How good are existing, gridded solar irradiance datasets? If no good datasets exist, should we create one?!
To be specific: I need solar irradiance at the Earth’s surface, at high temporal and spatial resolution (15 minutely data @ 1km grid spacing would be great!), and at regular grid spacings, for several years. Ideally with uncertainty estimates.
Ground-based measurements of irradiance provide excellent accuracy; but very poor spatial coverage.
Satellite estimates of irradiance provide great spatial coverage but I’ve heard researchers say that satellite estimates provide poor accuracy, especially in developing countries. (These estimates basically look at satellite images of the Earth’s surface, and infer surface irradiance from the brightness of each pixel. But, of course, the brightness of each pixel is affected by albedo & angle of the surface, and the atmosphere between the Earth’s surface and the satellite).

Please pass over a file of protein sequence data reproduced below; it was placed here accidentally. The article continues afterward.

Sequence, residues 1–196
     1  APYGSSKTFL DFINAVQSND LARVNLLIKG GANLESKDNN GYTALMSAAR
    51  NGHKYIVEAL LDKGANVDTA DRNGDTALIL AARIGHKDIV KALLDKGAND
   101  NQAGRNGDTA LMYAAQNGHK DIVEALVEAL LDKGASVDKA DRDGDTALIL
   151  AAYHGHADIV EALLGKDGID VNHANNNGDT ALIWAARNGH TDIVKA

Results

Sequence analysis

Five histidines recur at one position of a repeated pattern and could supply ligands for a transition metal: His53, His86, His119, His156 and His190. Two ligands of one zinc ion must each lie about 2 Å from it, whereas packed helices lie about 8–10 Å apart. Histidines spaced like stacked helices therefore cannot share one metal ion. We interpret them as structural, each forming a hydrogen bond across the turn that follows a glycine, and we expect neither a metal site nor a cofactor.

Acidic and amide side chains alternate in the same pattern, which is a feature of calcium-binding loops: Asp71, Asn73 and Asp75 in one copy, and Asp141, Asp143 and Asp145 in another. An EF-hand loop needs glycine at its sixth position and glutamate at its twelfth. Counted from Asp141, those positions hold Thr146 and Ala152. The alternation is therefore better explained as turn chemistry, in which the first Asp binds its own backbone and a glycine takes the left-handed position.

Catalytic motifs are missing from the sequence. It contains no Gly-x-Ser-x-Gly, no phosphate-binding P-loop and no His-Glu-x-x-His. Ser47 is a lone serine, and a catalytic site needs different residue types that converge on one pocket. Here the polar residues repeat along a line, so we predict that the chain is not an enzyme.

Re-analyses like ERA5 are great for many meteorological parameters; but I’ve heard that they’re not great for irradiance.
If no good estimates of irradiance exist, should we look into developing an open dataset of irradiance, at high temporal and spatial resolution?! The basic idea might be to learn to infer irradiance from satellite imagery of clouds & water vapour, pollution data, and reanalyses. Use as much ground-based data as possible to train & calibrate the model (e.g. PV power output data). Maybe start in the UK. Does this sound like a good idea?!?